Managing the financial aspects of employee benefits is a complex task for employers. Two common methods for handling employee benefit payments to a carrier are list-billing and self-bill.
In this article, we’ll answer the following questions about list billing and self-billing for employee benefits.
- What is list billing for employee benefits?
- What are the differences between list billing and self-billing for employee benefits?
- How are invoices generated for employee benefits?
- What do invoices for employee benefits include?
- Who has to fix discrepancies with employee benefits billing and how are these identified?
What is list billing for an employer benefits plan?
List-billing is a method used by employers to receive and manage their employee benefit invoices. Here’s a breakdown of what list-billing entails:
List-billing is a process in which the insurance carrier sends a detailed invoice directly to the employer, summarizing the cost of various employee benefits such as health insurance, dental coverage, and retirement contributions.
How is the list bill sent from the carrier?
The carrier typically sends the list bill invoice on a regular schedule, often monthly. It includes itemized charges for each enrolled employee, listing their coverage details and premiums.
What does the list bill include?
List bills includes a wealth of information, such as employee names, coverage types, premium amounts, and any changes or adjustments made during the billing period. This detailed breakdown helps employers understand and reconcile their benefit expenses.
What is self-billing for an employer benefits plan?
On the other hand, self-bill is a method that empowers employers to generate their own benefit invoices and send them to the carrier. It’s essentially saying, “Carrier, here’s what we think we owe you.” The employer also provides backup documentation for validation. Here’s a closer look at self-bill:
What is Self-Bill?
Self-bill is a process where employers take on the responsibility of generating invoices for their employee benefits and provide them, along with a payment, to the carrier. Instead of relying on the carrier, the employer calculates and issues the invoices themselves.
How is Self-Bill Generated?
Employers typically use their own payroll and HR systems to generate self-bill invoices. They must accurately calculate premiums for each employee based on their benefits selections and any changes that may have occurred.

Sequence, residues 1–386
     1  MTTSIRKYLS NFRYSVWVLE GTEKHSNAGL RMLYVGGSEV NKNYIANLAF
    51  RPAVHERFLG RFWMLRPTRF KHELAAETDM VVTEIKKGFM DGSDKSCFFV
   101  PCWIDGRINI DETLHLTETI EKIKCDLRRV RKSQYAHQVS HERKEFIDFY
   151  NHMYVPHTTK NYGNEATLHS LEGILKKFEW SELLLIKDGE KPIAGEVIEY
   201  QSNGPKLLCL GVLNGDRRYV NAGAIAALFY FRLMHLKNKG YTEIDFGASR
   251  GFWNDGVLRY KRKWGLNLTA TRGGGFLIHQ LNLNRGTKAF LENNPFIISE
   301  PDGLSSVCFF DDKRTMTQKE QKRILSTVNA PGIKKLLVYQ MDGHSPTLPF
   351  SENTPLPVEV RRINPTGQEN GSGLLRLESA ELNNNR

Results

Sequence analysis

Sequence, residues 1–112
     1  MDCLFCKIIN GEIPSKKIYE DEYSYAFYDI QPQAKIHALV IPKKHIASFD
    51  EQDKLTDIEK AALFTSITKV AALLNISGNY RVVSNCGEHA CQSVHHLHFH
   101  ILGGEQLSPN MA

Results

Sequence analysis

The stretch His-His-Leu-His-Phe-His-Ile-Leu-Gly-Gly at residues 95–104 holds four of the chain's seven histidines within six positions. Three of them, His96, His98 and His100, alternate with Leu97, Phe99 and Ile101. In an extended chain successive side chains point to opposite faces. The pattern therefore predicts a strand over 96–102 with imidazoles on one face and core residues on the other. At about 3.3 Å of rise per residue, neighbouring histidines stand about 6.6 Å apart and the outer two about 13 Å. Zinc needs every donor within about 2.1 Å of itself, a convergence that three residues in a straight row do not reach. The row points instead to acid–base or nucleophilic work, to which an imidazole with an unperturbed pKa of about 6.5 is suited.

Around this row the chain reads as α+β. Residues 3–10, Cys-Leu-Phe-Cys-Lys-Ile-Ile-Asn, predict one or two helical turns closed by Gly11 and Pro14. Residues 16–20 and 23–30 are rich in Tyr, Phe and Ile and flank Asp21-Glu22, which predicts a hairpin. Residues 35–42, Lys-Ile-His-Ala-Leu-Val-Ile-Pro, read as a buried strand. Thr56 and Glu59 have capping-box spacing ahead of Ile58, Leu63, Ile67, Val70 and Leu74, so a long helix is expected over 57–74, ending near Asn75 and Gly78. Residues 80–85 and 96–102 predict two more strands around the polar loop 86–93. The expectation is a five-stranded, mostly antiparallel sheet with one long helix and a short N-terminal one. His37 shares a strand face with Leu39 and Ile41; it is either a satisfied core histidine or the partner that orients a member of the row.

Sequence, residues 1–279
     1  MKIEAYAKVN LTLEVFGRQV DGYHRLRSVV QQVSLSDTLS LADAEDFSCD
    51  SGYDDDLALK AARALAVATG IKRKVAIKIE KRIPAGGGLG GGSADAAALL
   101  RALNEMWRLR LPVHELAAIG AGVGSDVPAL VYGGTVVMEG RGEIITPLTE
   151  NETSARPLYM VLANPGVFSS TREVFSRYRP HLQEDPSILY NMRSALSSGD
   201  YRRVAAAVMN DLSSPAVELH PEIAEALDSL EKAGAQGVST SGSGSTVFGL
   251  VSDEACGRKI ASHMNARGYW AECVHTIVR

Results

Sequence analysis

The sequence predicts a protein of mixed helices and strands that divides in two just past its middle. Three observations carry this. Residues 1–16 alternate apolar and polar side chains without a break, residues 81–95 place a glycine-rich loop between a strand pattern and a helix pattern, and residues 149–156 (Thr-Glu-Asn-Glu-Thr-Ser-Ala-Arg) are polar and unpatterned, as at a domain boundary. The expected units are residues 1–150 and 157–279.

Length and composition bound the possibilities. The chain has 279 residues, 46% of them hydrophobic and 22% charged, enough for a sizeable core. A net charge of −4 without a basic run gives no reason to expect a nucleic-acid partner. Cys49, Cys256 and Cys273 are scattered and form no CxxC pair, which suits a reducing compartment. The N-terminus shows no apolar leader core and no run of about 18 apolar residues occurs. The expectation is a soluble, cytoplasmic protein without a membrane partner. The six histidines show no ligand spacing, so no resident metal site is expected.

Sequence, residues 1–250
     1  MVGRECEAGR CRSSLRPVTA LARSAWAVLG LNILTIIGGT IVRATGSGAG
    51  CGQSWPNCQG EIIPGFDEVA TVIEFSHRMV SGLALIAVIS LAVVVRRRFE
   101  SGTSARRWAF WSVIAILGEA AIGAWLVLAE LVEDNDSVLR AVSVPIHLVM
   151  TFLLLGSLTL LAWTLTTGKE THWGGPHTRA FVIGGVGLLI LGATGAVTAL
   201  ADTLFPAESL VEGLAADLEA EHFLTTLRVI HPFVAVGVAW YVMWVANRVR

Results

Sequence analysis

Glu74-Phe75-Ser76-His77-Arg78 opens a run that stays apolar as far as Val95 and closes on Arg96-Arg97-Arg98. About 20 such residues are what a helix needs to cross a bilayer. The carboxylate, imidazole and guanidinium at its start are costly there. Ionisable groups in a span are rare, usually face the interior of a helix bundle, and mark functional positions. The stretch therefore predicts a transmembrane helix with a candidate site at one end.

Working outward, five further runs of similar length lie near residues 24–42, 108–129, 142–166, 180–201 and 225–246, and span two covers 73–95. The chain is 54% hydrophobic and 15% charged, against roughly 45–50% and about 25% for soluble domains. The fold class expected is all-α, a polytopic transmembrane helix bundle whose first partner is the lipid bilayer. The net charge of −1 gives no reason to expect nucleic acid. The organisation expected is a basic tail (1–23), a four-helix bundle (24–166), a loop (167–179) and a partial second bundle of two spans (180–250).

What Does Self-Bill Include?
Self-bill invoices generated by employers include similar information to list bills, such as employee names, coverage details, and premium amounts. However, the key distinction is that employers have full control over the accuracy of the information.
Comparing List-Billing and Self-Bill
Now that we understand the basics of list-billing and self-bill, let’s compare these two approaches:
List-billing places the responsibility for generating invoices on the carrier, which may lead to inaccuracies if there are discrepancies in employee data. Employers must closely review list-bill invoices and follow up with the carrier to rectify any errors.
In the case of list billing, employers may find discrepancies in the carrier-generated invoices, such as missing or incorrect employee information. It is then the employer’s responsibility to closely scrutinize these invoices and promptly follow up with the carrier to rectify any inaccuracies. This process can be time-consuming and may lead to delays in resolving issues related to premiums, coverage, or benefit adjustments. On the other hand, with self-bill, the employer maintains greater control over the accuracy of the invoices from the outset, as they are responsible for generating them based on their internal records. This can reduce the likelihood of discrepancies arising from carrier errors and streamline the reconciliation process, ultimately saving time and ensuring the correct allocation of benefit costs.